Incidents of Mother-Child, Murder-Suicide Are Not Uncommon, Experts Say
Monday, July 09, 2012
Three children were allegedly killed by their mothers in separate incidents in New York City last week — a type of murder-suicide that experts say is not uncommon.
Incidents of filicide tend to involve women who struggle with mental illness or have experienced it in the past, have suffered loss through death or divorce, or face impending custody disputes, experts say.
Cheryl Meyer, professor of psychology at Wright State University in Ohio, who co-wrote two books on maternal filicide, said that “in very many instances,” like in these two cases, mothers decide to take their own lives and, seeing their children as an extension of themselves, attempt to kill them as well.
“It fits the whole idea, ‘I can’t leave these children behind,’” said Meyer, describing what mothers who killed their children told her. “’No one can raise them like I can raise them.’”
A 5-year-old boy and his 4-month-old sister were found dead last Thursday in the Bronx after their mother, Lisette Bamenga, allegedly gave them windshield fluid, turned on the gas and slit her wrists. A day later, a 7-year-old boy in Brooklyn died after his mother, Tenika Revell, allegedly hit his head with a hammer, and then took pills to try and kill herself.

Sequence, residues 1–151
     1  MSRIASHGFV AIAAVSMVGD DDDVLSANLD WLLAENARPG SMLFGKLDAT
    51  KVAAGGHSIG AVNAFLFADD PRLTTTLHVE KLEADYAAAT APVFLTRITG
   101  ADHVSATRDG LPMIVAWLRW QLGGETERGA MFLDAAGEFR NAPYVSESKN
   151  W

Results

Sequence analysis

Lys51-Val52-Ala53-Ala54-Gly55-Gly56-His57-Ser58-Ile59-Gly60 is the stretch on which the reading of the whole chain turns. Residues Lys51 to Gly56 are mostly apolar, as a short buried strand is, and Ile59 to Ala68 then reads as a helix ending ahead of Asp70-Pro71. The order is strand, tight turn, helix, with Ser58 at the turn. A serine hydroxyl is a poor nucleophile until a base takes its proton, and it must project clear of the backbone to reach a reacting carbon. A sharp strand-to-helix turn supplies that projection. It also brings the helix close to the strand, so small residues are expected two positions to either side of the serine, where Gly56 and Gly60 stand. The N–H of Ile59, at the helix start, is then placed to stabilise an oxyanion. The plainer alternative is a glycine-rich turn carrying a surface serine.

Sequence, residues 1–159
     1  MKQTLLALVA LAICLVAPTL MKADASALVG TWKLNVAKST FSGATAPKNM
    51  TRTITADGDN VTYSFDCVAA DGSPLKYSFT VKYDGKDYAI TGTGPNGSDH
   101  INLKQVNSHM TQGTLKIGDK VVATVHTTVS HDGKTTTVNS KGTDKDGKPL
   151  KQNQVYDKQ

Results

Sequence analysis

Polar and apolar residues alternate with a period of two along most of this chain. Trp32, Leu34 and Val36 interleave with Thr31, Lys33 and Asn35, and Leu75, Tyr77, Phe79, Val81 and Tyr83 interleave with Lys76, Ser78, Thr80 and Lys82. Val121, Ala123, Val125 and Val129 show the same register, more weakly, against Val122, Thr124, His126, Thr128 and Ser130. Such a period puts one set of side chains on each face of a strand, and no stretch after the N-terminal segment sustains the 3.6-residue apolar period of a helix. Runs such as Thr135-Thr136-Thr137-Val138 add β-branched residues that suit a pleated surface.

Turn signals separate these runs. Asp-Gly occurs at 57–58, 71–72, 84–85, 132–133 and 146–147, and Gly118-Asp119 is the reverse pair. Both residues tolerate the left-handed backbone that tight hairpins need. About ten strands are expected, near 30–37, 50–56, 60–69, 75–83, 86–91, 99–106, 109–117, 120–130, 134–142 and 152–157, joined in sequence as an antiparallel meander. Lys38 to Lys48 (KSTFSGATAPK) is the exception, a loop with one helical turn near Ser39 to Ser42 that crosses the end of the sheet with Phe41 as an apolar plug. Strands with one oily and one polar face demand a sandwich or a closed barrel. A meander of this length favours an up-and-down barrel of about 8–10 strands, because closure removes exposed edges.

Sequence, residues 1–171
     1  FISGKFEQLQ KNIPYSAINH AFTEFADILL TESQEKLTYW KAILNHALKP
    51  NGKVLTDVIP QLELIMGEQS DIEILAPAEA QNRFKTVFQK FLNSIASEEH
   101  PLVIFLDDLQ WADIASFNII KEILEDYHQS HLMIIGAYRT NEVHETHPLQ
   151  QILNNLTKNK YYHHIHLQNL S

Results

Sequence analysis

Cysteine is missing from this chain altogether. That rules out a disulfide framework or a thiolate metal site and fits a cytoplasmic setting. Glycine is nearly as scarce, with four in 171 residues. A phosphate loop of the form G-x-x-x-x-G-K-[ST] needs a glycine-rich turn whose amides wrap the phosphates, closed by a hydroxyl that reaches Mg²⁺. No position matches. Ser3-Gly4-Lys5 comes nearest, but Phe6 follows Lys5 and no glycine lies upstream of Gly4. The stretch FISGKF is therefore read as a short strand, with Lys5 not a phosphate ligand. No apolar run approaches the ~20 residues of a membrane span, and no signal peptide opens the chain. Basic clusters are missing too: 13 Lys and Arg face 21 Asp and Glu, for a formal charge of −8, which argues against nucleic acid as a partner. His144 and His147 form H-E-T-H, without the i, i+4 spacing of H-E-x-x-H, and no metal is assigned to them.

Bamenga, 29, now faces two counts of murder charges for the death of her children, Trevor Noel Jr. and Lillian Noel.
Revell, 40, is charged with murder, manslaughter and endangering the welfare of a child – her son Bernard, a law enforcement official said.
Numbers of maternal filicides are difficult to establish, because they are often classified only as homicides. Mayer said that in the 1990s there were approximately 100 cases a year nationwide, which is likely an underestimate because victims are not always found. She added that from her research, she estimated about half the women who killed their children attempted suicide, and half of those who attempted suicide were successful.
The cause of death for the three children killed last week has not yet been determined and is pending toxicology and tissue testing, according to the spokeswoman for the Medical Examiner’s office.
The Administration for Children’s Services, citing privacy rules, declined to say if the families were under its supervision.